That epic dancehall collaboration from DJ/producers Diplo and Switch, and a slew of guest contributors like M.I.A., Santigold and Amanda Blank, it’s a hit! Fronted by a cartoon zombie-slaying Jamaican soldier the Major Lazer experience is beyond surreal. It’s a freaky sideshow brought to you by two of the scene’s biggest and brightest talents who bend genres onto themselves with seamless ease, swarming pop culture with an outlandish outpouring of mayhem that spans from absurd live shows to chart-smacking bangers with breakthrough performances worldwide. Having collaborated on M.I.A.’s surprise hit “Paper Planes” and Santigold’s debut album, Diplo and Switch birthed Major Lazer from a shared appreciation for the Jamaican dancehall genre and spirit of the sound system. They have played Coachella, Pitchfork and HARD Summer festivals.
Diplo, Diplodocus, Wes Gully, and Wes Diplo are all pseudonyms of Wesley Pentz, a Philadelphia-based producer and DJ. Together with DJ Low Budget, he runs Hollertronix, a club and music collective. In addition to his solo career, he has worked with British-based singer and artist M.I.A.. The two were also romantically involved. Pentz’s alias, short for Diplodocus, derives from his childhood fascination with dinosaurs. As a DJ, Diplo is characterized by his eclectic, often 80s-oriented mashups, mixtapes, and live sets. On his full-length solo effort, Florida, however, his sound is closer to sample-based cinematic instrumental hip hop, such as the work of DJ Shadow. Through a widespread assortment of releases and artistsʼ works – from cumbia
to dubstep to punk and beyond – Diplo has shown dynamic range with interests that span far beyond any singular culture or musical realm, standing as a working model for the truly 21st Century artist.
11. Flying Lotus
Flying Lotus (Steve Ellison) comes across as gregarious and buoyant as his beats; lithe and animated on stage, the L.A. hip-hop head would be infectious even if you couldn’t hear a thing. It’s no surprise his music and personality have made him fixed point in a constantly expanding global network of creative producers, in some cases linked through the Low End Theory night and his own Brainfeeder label. He tackles more celestial connections on his new album Cosmogramma, completed in the wake of his mother’s death. Adding layers of emotional and musical complexity– including string arrangements, harp and saxophone from his cousin Ravi Coltrane– the record shows Ellison making a cathartic and creative leap, his own unique contribution to his family’s spiritual discography. Flying Lotus has grown into the position of being far more than a producer, he has helped materialize a far-reaching strain of musical ideology that has encompassed not only a global family of like-minded artists, but also a nearly infinite palate of planetary (and interplanetary) sonics. Certainly these are further reaches into a musical space that Flying Lotus had hitherto been exploring, however other collaborators such as Erykah Badu and Outkast string arranger Miguel Atwood-Ferguson and guest vocalists Thom Yorke and a returning Laura Darlington (featured on Los Angeles epic closing track nifinitum) help deliver Cosmogramma to dizzying new heights. This video has over 2 million hits, and was on Adult Swim.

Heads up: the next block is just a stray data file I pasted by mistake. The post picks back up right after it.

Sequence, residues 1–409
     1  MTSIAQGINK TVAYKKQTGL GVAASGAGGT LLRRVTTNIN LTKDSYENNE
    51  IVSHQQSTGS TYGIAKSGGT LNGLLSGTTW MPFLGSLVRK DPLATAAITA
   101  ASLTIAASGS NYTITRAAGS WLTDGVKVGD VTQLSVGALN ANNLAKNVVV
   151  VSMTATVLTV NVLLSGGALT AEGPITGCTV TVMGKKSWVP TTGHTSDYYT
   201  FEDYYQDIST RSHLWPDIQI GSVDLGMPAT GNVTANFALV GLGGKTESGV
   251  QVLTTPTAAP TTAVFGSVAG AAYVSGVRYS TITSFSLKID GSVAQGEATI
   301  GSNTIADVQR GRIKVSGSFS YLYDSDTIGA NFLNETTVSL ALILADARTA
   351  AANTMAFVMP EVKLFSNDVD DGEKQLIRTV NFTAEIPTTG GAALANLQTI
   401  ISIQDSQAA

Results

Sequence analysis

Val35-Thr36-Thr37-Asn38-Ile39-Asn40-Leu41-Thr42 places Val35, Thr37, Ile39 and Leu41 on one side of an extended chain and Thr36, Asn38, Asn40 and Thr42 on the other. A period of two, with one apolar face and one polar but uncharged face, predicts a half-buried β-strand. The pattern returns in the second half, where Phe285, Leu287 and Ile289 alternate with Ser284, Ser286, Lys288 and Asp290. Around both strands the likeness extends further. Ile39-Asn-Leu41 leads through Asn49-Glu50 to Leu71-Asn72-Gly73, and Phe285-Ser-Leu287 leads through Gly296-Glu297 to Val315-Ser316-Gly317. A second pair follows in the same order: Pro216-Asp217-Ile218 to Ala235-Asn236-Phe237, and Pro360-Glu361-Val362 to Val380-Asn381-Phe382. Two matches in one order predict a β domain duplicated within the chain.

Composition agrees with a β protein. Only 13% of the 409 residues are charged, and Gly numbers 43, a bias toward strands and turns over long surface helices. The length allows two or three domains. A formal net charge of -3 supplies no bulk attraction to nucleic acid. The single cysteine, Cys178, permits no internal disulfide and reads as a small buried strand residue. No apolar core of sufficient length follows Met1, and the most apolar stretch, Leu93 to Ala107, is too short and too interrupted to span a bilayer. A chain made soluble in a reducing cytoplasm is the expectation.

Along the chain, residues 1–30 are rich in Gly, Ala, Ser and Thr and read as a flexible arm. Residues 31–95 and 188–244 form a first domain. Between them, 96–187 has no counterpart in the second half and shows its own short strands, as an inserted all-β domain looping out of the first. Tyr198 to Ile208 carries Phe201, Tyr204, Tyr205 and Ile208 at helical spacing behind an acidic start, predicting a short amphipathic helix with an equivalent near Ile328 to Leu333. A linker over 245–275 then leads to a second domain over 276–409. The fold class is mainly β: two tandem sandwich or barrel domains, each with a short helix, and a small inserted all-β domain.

12. Architecture In Helsinki
5 piece Australian indie pop band, over three wildly diverse studio albums, a remix album and countless singles and eps, Architecture in Helsinki have delved deep into the heart of pop music. Heart and pop being the operative words here. For all their expectation-confounding twists and turns, AIH have always retained a massive amount of heart in their skewed take on what pop music is, and what it can be. The band’s relentless years of touring have turned them in to a live force to be reckoned with. Having played festivals and shows in every corner of the globe the band has built a fierce international following. Architecture in Helsinki live shows are a heady blend of sweat, heart, energy and fun. They were on NPR’s Song of the Day, as well as garnering praise from all the blogs that matter. Their newest record, Moment Bends, might be the first great modernist pop album of 2011. It is a hook-laden, magnetic and lush album they’ve waited their whole lives to make, retaining the fizzing immediacy of its three predecessors but re-moulded with a more sophisticated touch.
13. Ted Leo and the Pharmacists
Influenced by the East Coast post-hardcore scene of the late 80s is this American rock band formed in 1999 in Washington, D.C. and currently recording for Matador Records. They have released six full-length studio albums and have toured internationally. Though the group’s lineup has fluctuated throughout their career, singer/guitarist Ted Leo has remained the band’s main songwriter, creative force, and only constant member. For their fifth full-length release (and first with Touch and Go Records), Ted Leo and the Pharmacists met up with Brendan Canty (Fugazi) at Long View Farms to iron out a new set of anthems that arrive with a confident and outspoken immediacy. With “Living with the Living,” Ted & Co. wipe clean the slate that once held names like Weller, Strummer and Bragg and indulge some of their farthest-reaching musical ambitions.
14. The Joy Formidable